Streets of Assam- Famous Street Food

By Purnima Chowdhury

In the past decade, Assam has gone up to be a melting pot of cuisine and culture. With the influx of people from other states and countries, Assam has developed a unique menu of street food that you will rarely see in the other part of the country. Assam’s street food culture has an influence of Tibetan, Burmese, and even Bangladeshi cuisine along with the indigenous assamese recipes.

You cannot have enough of the street food in Assam. Every city has at least one unique dish to offer. Every street food centre has its unique recipe which makes it different.

During my recent trip to Assam, I tried exploring the street food culture in Assam as much as possible. Though I know I couldn’t cover it all but I promise I have got you some of the best street food items that you must try in Assam and I bet you also can’t have enough of it.

So here’s the list of street food that I have tried in Assam and I suggest you too try it, in Assam and in Assamese style.

Keteli Pitha/Tekeli Pitha

This is an authentic dish of Assam and one of the cutest dishes I have noticed in Assam. A breakfast dish made with grated rice dough and Jaggery and sometimes coconut wrapped in a piece of cloth and then steamed by tugging the cloth in the lid of a kettle (hence the name) paired with piping hot Assam tea is a wholesome breakfast that you should try once with the splendid beauty of Assam.

Where to eat:  Any of the small stalls with the breakfast setup.  I liked it the most in Sivasagar.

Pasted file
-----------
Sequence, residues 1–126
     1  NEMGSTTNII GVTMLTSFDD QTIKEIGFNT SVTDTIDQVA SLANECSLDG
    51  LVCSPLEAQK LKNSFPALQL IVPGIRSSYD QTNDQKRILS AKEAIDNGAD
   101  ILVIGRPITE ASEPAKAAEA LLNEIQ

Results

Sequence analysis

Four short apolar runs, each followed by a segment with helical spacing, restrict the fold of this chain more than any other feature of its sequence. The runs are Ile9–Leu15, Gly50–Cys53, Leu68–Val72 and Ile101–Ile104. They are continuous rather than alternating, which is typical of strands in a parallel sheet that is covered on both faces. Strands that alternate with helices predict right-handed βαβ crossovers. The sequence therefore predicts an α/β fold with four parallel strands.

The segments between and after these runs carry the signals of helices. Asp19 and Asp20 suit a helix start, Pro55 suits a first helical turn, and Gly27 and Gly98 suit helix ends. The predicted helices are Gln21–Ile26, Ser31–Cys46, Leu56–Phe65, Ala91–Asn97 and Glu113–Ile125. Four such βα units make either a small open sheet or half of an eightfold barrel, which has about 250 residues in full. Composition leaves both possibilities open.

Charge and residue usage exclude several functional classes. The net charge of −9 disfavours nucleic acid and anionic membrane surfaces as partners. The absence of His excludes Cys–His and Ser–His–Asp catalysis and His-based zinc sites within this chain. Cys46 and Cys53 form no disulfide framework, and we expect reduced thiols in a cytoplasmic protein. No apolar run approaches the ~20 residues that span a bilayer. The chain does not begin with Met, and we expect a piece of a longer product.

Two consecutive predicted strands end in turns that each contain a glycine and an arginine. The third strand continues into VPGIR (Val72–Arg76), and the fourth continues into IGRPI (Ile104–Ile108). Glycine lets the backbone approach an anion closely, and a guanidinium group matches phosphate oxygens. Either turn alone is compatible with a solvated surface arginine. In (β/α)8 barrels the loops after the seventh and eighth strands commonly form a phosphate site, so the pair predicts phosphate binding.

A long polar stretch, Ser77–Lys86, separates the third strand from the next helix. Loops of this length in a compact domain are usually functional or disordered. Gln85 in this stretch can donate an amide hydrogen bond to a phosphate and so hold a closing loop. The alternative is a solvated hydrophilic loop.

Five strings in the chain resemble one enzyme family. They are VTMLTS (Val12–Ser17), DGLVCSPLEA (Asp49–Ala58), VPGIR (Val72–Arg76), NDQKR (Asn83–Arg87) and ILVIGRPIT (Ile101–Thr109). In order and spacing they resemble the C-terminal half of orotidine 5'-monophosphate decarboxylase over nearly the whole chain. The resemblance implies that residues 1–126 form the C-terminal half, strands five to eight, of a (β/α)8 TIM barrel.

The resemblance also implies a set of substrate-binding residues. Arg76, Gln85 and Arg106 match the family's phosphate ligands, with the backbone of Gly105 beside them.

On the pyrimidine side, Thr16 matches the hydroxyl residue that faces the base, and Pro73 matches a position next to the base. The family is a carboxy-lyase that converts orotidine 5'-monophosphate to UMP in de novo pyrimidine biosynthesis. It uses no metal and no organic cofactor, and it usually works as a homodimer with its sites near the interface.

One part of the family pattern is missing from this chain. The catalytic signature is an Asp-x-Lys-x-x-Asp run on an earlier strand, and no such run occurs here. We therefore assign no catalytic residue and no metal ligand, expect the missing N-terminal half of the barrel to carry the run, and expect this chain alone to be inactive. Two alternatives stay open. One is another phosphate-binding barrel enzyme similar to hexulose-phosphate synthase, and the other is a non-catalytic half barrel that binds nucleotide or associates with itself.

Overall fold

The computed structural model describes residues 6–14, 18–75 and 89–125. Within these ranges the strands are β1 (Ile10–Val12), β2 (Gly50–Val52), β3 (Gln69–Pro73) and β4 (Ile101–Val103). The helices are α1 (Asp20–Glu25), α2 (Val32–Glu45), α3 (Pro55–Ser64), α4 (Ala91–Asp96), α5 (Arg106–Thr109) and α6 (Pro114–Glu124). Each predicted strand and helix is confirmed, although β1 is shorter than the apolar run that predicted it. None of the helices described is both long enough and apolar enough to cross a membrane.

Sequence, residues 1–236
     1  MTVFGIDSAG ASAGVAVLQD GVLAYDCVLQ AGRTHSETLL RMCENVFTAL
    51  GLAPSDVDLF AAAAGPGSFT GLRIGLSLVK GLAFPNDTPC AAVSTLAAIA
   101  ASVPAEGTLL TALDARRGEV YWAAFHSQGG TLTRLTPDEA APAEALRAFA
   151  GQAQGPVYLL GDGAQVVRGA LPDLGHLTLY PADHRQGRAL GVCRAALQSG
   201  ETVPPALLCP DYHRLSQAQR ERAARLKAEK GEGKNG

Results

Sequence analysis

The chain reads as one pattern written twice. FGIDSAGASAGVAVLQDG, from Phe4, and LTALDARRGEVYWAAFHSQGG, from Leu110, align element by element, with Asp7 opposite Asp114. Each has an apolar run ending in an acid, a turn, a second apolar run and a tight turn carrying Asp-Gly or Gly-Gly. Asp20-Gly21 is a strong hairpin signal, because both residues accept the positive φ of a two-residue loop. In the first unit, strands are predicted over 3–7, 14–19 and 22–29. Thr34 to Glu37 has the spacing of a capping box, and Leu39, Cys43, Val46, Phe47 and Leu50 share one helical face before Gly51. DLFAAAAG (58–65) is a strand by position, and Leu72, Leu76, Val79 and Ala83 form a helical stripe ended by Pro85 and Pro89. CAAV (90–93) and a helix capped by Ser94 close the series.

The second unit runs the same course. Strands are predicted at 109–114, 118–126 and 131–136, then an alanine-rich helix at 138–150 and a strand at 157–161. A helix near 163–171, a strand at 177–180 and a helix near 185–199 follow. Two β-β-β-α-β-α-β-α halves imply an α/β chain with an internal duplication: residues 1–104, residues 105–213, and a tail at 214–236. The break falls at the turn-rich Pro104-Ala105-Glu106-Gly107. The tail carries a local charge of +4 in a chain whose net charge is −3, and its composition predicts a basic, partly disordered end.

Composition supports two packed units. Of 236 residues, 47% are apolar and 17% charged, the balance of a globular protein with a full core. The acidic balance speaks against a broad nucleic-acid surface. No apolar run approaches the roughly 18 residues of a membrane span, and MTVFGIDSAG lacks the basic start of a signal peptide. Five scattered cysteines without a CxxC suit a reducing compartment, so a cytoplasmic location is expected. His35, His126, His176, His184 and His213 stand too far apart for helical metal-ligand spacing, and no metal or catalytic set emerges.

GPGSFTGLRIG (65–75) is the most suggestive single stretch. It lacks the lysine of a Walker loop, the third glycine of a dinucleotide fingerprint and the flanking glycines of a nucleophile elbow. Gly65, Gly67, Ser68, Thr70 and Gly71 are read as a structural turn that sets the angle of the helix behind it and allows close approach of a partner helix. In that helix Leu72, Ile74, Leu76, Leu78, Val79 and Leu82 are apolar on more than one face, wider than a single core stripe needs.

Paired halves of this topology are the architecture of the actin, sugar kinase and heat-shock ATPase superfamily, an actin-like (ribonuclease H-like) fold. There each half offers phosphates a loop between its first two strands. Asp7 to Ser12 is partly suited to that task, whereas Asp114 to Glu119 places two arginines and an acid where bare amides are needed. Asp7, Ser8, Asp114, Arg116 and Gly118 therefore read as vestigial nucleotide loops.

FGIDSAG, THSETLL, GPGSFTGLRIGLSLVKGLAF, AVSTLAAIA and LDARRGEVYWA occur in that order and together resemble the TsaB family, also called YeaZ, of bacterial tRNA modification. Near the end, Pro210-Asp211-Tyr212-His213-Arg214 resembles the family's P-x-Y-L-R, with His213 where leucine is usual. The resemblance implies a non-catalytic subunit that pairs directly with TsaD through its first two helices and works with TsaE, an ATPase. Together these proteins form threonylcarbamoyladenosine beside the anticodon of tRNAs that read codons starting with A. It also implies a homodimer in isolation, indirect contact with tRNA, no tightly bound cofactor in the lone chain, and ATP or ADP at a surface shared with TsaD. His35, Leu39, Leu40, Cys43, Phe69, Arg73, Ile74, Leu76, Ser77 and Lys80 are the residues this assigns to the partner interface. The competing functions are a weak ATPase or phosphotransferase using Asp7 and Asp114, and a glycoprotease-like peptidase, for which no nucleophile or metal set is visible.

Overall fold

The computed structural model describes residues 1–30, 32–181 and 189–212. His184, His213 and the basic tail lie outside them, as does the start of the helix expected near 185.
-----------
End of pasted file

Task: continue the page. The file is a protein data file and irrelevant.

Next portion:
Pork Momos

Well momos are easily available around most parts of India but what makes the momos special here is the variety that you will find here. While other parts of the country is restricted to serving only vegetarian and chicken options, Assam has juicy pork momos that are a state favourite  and a popular evening snack.  Pork momos are both street food and fine dining experience, but the momos that you get in a roadside stall is unmatchable.

Where to eat: Foods Restaurant, Rehabari, Guwahati.

Chow mien

Now most of you might be familiar with chow mien or noodles but these are not the regular type of noodles that you find at a restaurant with those olive oil and oil free options. Let’s be honest, Street food is not very healthy and so are these noodle dishes. But then, these spicy hot noodles with an option of pork, chicken, vegetables, egg, and mixed options are lip smacking.

With close proximity to and strong Tibetan influence all over the region, it is no surprise that there are similarities in Assamese and Tibetan Cuisine. Delicate handmade noodles stir fried with fresh crispy vegetables and shredded meat or sea food, Chow mien can be easily found in every other street of the state.

Where to eat: Reboty Chaat house, Guwahati.

Silk Worm

Image Courtesy- Bugsfeed.com

Tribals of Assam have some unusual food on their plates. One of them is the silkworm. Fried crispy with spices on the outside and soft and cheesy on the inside. This might seem weird to you if you haven’t yet tried it, but trust me you will love this dish if do not know what you are eating.

Where to eat: Authentic cuisine restaurants.

Jhal Muri

Every state of India has its own version of Jhal Muri and so does Assam. This hot, spicy, sweet and tangy mixture of puffed rice, nuts, boiled legumes, potato, herbs, green chilies, and sauces is a burst of flavours. I found the flavor and combination of the jhal muri here to be best in the Country, (even better than Kolkata). At these Jhal Muri stall you will also find a special type of aloo chat which is also worth giving a try.